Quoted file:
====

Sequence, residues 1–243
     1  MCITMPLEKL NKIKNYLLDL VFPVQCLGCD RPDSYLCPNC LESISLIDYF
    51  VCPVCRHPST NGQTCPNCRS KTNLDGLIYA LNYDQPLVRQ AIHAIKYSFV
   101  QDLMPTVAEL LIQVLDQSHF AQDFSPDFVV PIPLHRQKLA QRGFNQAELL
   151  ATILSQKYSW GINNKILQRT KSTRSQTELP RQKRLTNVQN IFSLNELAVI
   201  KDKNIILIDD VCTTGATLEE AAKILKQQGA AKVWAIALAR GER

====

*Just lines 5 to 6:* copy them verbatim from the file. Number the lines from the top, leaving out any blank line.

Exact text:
   151  ATILSQKYSW GINNKILQRT KSTRSQTELP RQKRLTNVQN IFSLNELAVI
   201  KDKNIILIDD VCTTGATLEE AAKILKQQGA AKVWAIALAR GER